Credit: Universidad Carlos III de Madrid How to propel a spacecraft without propellant? Use electrodynamic tethers. These are long, strong conductors connecting two spacecraft. When direct current is applied to the tether, the tether exerts a force on the spacecraft, causing it to either accelerate or brake. Such tethers might be used to perform fuel-free orbital maneuvers, or deorbit satellites at the end of their working lifetime to prevent buildup of orbital debris. Universidad Carlos III de Madrid in Spain has proposed an improved tether design incorporating thin film solar cells to harvest added power for the tether plasma circuit, intended for end-of-life deorbiting. The idea was proposed through ESA’s Open Space Innovation Platform (OSIP) Open Discovery ideas Channel, seeking novel ideas for new space research activities. This innovative concept has been accepted by ESA for implementation, along with numerous others.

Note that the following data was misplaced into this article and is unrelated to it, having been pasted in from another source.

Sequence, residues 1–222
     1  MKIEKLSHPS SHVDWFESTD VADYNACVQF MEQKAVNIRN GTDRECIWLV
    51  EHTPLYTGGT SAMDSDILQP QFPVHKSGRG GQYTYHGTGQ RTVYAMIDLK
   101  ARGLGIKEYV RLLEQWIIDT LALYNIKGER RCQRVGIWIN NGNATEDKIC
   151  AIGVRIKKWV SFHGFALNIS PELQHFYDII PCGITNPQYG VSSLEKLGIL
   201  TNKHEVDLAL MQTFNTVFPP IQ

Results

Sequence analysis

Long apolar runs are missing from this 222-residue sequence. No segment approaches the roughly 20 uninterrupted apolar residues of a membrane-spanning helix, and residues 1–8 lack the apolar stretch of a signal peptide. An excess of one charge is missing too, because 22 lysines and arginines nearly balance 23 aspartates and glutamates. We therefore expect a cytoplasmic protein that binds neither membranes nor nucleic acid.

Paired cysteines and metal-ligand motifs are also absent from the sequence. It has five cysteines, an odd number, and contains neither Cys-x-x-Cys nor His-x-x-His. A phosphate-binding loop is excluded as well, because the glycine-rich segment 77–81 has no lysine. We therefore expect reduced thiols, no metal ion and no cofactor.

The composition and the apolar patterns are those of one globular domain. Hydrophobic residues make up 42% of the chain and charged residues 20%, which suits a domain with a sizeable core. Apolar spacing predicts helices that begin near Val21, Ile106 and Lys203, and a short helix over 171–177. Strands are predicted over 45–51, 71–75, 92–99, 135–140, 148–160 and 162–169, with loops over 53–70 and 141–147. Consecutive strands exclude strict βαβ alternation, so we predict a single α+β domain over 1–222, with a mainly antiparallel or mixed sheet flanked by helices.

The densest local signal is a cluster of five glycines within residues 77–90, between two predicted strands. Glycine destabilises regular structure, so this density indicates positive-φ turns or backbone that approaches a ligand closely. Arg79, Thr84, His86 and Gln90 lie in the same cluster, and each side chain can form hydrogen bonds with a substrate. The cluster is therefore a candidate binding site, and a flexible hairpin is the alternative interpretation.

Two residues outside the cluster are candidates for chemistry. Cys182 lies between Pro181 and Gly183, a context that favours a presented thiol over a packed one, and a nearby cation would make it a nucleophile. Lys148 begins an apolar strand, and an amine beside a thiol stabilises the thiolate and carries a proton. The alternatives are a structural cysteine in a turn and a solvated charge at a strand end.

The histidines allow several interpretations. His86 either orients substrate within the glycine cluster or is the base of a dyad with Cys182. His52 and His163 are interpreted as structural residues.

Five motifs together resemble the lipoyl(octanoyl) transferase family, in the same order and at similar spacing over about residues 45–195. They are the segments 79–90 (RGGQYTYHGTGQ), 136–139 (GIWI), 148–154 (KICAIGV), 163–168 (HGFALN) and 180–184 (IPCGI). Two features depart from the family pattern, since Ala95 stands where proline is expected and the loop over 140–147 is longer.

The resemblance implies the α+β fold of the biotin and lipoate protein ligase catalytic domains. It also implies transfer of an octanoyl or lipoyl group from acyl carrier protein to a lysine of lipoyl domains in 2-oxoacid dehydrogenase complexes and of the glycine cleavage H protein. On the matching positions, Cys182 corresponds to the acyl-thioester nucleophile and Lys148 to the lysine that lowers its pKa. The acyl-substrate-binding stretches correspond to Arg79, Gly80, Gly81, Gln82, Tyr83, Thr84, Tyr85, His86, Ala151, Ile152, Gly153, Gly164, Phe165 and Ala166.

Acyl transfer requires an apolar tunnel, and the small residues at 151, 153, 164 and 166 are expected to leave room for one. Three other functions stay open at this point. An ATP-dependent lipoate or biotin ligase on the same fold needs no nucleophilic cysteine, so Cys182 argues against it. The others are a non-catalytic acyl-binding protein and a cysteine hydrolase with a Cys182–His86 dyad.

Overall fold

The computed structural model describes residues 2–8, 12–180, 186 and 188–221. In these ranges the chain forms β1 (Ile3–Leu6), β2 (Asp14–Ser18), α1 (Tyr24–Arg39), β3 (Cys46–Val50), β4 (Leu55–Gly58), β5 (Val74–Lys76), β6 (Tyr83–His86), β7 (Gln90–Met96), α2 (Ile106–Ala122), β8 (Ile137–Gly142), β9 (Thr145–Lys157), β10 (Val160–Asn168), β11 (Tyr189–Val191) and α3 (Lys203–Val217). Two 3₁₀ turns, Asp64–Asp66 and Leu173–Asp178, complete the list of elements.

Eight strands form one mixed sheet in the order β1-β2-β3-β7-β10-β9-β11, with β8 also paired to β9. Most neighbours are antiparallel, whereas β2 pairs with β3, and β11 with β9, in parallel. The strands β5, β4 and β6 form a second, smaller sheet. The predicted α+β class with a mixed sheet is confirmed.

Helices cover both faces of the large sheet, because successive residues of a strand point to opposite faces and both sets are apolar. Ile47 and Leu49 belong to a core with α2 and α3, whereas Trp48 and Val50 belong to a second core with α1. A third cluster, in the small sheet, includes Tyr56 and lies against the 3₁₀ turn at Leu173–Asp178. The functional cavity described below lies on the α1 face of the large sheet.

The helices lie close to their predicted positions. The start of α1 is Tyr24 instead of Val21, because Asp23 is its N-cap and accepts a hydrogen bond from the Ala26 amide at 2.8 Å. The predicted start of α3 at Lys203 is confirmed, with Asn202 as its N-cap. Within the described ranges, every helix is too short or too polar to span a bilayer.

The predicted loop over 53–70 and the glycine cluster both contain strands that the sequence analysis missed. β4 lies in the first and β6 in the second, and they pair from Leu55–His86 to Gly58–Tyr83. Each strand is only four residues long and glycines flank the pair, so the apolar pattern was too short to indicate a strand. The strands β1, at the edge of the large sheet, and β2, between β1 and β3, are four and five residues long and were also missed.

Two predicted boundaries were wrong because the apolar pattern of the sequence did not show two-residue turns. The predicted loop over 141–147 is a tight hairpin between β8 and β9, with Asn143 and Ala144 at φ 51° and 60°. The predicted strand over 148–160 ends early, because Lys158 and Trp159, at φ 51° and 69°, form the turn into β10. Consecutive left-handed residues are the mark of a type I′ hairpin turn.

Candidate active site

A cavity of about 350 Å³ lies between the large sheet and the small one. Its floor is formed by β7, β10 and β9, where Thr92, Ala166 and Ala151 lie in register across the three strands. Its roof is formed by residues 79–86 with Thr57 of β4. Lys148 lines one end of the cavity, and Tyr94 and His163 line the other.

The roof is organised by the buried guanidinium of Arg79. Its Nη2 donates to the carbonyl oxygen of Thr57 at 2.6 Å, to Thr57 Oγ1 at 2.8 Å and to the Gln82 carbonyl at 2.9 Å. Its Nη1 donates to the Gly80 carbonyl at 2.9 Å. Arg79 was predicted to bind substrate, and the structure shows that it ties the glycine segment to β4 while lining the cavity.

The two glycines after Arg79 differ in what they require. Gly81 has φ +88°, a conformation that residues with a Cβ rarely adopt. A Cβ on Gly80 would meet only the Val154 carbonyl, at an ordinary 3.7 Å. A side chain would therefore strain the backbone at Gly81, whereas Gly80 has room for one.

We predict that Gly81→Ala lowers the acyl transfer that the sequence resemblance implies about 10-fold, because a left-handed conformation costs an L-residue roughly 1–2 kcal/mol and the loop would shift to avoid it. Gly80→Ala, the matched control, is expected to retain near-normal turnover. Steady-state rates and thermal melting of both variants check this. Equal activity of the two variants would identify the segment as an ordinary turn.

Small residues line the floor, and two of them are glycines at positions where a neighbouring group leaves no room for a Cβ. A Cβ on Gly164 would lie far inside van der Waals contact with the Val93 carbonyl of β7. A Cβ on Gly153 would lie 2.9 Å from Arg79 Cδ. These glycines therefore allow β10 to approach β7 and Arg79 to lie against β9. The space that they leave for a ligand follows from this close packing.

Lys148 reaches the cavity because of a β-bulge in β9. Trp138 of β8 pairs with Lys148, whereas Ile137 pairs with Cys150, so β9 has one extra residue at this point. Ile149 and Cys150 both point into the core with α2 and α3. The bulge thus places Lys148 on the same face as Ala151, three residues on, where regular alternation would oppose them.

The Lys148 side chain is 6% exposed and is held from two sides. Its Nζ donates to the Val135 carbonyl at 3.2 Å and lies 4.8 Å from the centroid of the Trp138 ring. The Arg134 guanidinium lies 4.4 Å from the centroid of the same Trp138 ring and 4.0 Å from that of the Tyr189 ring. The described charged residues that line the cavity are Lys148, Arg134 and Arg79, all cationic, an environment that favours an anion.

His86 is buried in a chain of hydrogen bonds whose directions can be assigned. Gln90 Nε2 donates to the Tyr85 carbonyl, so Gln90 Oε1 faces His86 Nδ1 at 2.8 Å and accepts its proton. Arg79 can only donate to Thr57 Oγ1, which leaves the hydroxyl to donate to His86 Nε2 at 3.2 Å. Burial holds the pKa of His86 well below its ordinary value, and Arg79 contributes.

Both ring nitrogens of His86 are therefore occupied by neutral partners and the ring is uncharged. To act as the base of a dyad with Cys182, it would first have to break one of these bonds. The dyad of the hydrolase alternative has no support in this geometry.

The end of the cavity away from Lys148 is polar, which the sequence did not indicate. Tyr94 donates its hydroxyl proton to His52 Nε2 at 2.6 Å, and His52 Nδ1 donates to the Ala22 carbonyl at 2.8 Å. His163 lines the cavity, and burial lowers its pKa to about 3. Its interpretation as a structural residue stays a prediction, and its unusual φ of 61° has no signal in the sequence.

Electrodynamic Frequently Asked Questions (FAQ)
Where is Electrodynamic's headquarters?
Electrodynamic's headquarters is located at 3600 Green Court, Ann Arbor.
What is Electrodynamic's latest funding round?
Electrodynamic's latest funding round is Grant.
How much did Electrodynamic raise?
Electrodynamic raised a total of $150K.
Who are the investors of Electrodynamic?
Investors of Electrodynamic include U.S. Department of Energy and National Science Foundation.
Who are Electrodynamic's competitors?
Competitors of Electrodynamic include NEI Corporation, Ampulse, M V Systems, Anteos, Bossa Nova Vision and 11 more.
Compare Electrodynamic to Competitors